Tuesday, October 26, 2021

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Mayor’s participation in march raises councilman’s hackles

Burlington’s mayor Ian Baltutis may not have been one of the 23 people who wound up in the klink during the chaotic aftermath of Saturday’s “march to the polls” in Graham.
But Baltutis, who had been one of the march’s more prominent participants, hasn’t gotten off entirely scot-free since his return from this ill-fated event.

During a brief meeting of Burlington’s city council on Tuesday, the mayor’s role in the march drew some harsh words from a local civil rights advocate, whose admonitions were later picked up by one of Baltutis’ colleagues on the five-member council.

The mayor’s verbal drubbing began during a designated public comment period that rounded out the agenda of Tuesday night’s meeting, which took place online due to concerns about coronavirus infections. The only contribution that evening came from Michael Graves of Burlington, whose organization Actively Changing Together has been involved in police reform efforts throughout Alamance County. Graves, who addressed the council by phone, took Baltutis to task for his involvement in Saturday’s march as well as his public support of the event’s organizer – the Rev. Greg Drumwright of Greensboro.

Graves took a rather dim view of Drumwright’s efforts to coordinate his event with local law enforcement officials, who had permitted the march and a subsequent rally under conditions that they later claimed Drumwright had violated. Graves also held the minister accountable for the heavy-handed crowd control measures that sheriff’s deputies and members of Graham’s police force later unleashed on the marchers.

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“I am privy to the knowledge that Rev. Drumwright actually violated his agreement,” he elaborated “and put citizens lives at risk by sneaking in a generator and a gasoline can…So the mayor stood on a stage with a person who violated an agreement and, who in my opinion, caused the situation.”

Graves went on to reprimand Baltutis for the way he presented himself during the march, which he said left the impression that he had endorsed the event in this official capacity as mayor.

“The mayor wears a button that says ‘mayor of Burlington,’” Graves added. “So, is he representing the city of Burlington when he gives these speeches?…If he is representing himself I don’t think he should be recognized as the mayor of Burlington, and I don’t think that he should have a pendant that says ‘mayor of Burlington.’”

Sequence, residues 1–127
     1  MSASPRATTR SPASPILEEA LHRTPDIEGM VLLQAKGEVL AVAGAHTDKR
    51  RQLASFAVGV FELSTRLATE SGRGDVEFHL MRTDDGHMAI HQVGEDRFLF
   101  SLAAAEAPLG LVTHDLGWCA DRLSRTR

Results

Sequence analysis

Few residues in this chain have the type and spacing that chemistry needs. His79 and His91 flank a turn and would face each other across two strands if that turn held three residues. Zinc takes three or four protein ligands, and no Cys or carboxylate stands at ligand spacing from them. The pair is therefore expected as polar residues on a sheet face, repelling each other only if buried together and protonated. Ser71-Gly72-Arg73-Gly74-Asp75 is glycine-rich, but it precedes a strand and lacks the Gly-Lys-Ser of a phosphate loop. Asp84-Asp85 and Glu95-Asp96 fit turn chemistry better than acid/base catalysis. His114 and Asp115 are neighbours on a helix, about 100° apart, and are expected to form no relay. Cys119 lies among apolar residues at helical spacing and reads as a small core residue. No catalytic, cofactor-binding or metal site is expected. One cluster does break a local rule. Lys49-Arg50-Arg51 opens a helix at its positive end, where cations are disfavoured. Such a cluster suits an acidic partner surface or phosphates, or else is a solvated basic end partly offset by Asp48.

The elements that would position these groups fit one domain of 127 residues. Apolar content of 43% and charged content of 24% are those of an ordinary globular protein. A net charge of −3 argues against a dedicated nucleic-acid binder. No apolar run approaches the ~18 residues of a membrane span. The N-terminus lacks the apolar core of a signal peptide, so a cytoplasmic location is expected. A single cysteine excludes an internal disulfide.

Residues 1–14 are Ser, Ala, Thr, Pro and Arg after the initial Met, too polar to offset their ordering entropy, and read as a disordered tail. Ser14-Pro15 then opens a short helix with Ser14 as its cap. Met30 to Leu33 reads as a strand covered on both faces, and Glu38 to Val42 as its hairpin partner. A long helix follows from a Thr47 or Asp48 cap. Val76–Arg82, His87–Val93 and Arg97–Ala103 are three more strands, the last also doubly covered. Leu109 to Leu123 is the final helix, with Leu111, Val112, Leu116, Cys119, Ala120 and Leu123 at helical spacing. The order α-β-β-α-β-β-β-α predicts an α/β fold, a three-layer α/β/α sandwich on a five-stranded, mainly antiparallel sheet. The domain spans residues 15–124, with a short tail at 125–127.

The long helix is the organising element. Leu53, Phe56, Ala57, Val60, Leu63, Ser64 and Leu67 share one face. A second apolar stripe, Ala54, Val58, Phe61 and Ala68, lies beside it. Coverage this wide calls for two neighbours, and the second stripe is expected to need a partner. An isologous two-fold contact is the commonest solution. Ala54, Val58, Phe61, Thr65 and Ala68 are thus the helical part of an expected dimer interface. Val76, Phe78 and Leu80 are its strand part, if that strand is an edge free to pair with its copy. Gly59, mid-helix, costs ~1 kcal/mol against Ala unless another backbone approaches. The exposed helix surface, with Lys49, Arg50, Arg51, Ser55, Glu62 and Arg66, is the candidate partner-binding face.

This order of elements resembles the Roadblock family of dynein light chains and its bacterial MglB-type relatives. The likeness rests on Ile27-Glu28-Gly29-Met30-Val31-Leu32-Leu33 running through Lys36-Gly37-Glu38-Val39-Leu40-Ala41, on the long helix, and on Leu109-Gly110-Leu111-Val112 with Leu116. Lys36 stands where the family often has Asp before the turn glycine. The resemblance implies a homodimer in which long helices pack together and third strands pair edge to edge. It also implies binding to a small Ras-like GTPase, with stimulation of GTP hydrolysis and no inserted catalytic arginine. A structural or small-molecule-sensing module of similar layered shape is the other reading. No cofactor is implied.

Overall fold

Graves was able to share these remarks with the council despite Baltutis reluctance to allow the resident to speak because he wouldn’t provide his full address as per the council’s longstanding policy for public comments. Graves only identified himself as a resident of Burlington due to threats that he said he has received in the past. Baltutis was nevertheless unwilling to bend the rules, which prompted Burlington’s city attorney David Huffman to propose a compromise to break the impasse. Huffman suggested that Graves could provide his address to the city clerk on Wednesday rather than publicly broadcast the information during Tuesday’s live-streamed proceedings. Baltutis initially made no move to accept this suggestion until councilman Jim Butler intervened to get the ball rolling.

Butler, who ran against Baltutis for the mayor’s seat in 2015, spoke up again after the comment period to add his own misgivings to those that Graves had expressed about the mayor’s extracurricular activities. The councilman reminded his colleagues that he has previously objected to Baltutis’ involvement in other political causes without the endorsement of the council at large.

“To my knowledge, this council has taken no action or bestowed any authority to our mayor to represent the city of Burlington at any function outside of normal council or city of Burlington addressed items,” Butler continued. “And Mayor,” he added, as he addressed Baltutis directly, “I will caution you once again to be really careful about that because we all do have a stake in this and we all need to be able to communicate and collaborate.”
Baltutis, meanwhile, wasn’t inclined to accept this unsolicited advice from his former rival for the mayor’s seat.

“Your comments are generally vague in [their] scope,” he told Butler. “If you wish the continue this [debate] that the council should have a weigh in on where the mayor speaks, then I believe we will need to further evaluate the criteria by which our staff are able to respond to these invitations. And I do not believe you wish to have a council vote on every invitation the mayor receives to speak.

“Councilmember,” Baltutis continued, “if you have further comments down the road, I would invite you to encourage that conversation in the appropriate manner.”

“This is the appropriate manner, Mr. Mayor,” Butler replied. “This is very much the appropriate manner. And maybe we do need to have a vote…I would suggest that we put this on the next work session agenda because we need to bring this thing to a head. I’m tired of it.”

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